A Word, Please: An adverb lesson not for the faint of heart

Count the adverbs in the following sentence: Therefore, we should wait outside awhile because the very lovely and kindly family will be there soon to tell us fast whether everyone is well.

Would it surprise you to learn there are seven adverbs in that sentence? Would you be even more surprised to learn that neither lovely, family, kindly, nor well is among them?

We all learned about adverbs in school. Everyone knows they’re those -ly words that modify actions — quickly, slowly, sweetly, bitterly, and on and on. And if we didn’t get the message in a classroom, a lot of us had “Schoolhouse Rock” to reinforce it. Yet for reasons I’ll never understand, no one tells us — or most of us, at least — that the adverb story doesn’t end there.

Adverbs have several jobs.

The ones that modify actions are sometimes call manner adverbs because they describe the manner in which an action takes place. “He talks quickly.” In this job, they often, but not always, end in -ly. In “He talks fast,” fast is an adverb that does the same job as quickly, just without the tail.

Adverbs also modify adjectives. In “That is really beautiful,” the adverb really modifies the adjective beautiful. Adverbs can modify other adverbs. In “She sings very beautifully,” the adverb beautifully modifies the verb sings, and very modifies beautifully.

Adverbs also modify whole sentences or thoughts.

Frankly, I don’t care. Luckily, there is more pie. Ultimately, we will win. Hopefully, I left my wallet at the office.

Most people can identify the first word of each of those sentences as an adverb, even if they never thought about how those words can modify whole sentences.

But the same people might be hard pressed to identify the adverbs in these sentences: Therefore, I don’t care. However, there is more pie. Indeed, we will have to reconsider. Instead, I left my wallet at the office.

Therefore, however, indeed and instead are all adverbs, sometimes called conjunctive adverbs when they can serve as connective tissue between two sentences.

But that’s still just part of what adverbs do in English. They also answer the questions when? and where? And this, I would argue, is the adverb function that people are least familiar with.

I will see you tomorrow. He found his keys outside. Come back soon. Stay awhile. You can leave your coat there.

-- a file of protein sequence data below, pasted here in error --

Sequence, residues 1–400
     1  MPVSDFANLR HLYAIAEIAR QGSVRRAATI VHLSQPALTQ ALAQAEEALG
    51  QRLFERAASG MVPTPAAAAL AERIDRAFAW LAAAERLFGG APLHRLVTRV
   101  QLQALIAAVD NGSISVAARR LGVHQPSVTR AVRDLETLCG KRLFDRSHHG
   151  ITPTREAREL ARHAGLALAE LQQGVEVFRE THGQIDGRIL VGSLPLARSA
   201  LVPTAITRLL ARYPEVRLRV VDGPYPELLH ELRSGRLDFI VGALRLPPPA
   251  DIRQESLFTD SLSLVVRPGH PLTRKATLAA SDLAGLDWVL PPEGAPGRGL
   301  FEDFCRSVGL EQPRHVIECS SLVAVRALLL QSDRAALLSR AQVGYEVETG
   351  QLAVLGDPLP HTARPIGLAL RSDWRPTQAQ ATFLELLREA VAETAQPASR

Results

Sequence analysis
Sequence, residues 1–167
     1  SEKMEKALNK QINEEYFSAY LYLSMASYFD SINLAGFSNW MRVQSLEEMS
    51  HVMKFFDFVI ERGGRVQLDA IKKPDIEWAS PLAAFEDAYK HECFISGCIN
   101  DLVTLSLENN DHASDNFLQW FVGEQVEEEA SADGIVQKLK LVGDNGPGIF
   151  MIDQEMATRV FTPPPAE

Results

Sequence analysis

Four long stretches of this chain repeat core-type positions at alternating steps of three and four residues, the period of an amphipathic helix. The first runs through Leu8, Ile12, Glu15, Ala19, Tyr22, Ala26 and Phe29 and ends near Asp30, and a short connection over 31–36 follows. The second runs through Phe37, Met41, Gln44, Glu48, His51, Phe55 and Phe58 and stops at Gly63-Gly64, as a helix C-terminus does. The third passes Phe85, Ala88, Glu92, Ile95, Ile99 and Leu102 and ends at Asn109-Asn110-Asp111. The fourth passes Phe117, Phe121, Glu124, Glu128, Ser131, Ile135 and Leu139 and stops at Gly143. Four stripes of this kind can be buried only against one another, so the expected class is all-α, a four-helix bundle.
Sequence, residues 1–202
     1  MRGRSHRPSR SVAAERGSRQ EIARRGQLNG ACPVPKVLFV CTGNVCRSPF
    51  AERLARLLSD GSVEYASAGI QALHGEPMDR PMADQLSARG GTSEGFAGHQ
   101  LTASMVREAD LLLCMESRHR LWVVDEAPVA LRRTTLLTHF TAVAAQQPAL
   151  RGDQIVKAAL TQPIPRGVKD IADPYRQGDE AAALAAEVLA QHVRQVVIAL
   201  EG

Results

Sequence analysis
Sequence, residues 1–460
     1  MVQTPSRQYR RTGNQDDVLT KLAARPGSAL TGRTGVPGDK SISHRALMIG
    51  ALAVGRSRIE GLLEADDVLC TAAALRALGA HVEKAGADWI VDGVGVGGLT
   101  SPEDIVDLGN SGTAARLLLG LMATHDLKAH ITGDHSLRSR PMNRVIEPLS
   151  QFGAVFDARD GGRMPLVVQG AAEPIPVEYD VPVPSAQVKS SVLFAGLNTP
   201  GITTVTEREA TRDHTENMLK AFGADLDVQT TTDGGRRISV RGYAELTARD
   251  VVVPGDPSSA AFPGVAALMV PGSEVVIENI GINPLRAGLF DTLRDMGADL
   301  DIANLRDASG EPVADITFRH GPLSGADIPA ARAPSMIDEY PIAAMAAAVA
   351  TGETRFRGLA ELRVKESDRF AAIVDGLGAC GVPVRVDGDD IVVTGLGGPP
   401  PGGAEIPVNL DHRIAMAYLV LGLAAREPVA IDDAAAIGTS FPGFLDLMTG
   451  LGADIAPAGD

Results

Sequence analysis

In each of these sentences, the final word answers the question when? or where? (though admittedly that explanation seems flimsy for “awhile”). Look any of these words up in the dictionary and you’ll see that they are categorized as adverbs when they work this way in a sentence, even though they may have other jobs, too.

But notice this little twist: In “I will see you tomorrow” and “Come back soon,” you can replace either adverb with, say, Tuesday even though Tuesday is listed in the dictionary as a noun and not an adverb. How is that possible? Because adverbs aren’t the only parts of speech that can function adverbially. Any word that answers the question when? or where? is functioning adverbially.

So in “I will see you Tuesday,” the word Tuesday is an adverb, even though lexicographers usually classify it as a noun.

So, as we have seen, therefore, outside, awhile, very, there, soon and fast are the seven adverbs in our example sentence. And in case you’re wondering about “well,” it’s not an adverb. Not in this sentence, anyway.

Well is only an adverb when it modifies a verb. (Joe sings well.) When it modifies a noun or pronoun (Joe is well), it’s a different word meaning “in good health” that just happens to be an adjective.


JUNE CASAGRANDE is author of "It Was the Best of Sentences, It Was the Worst of Sentences." She can be reached at JuneTCN@aol.com.

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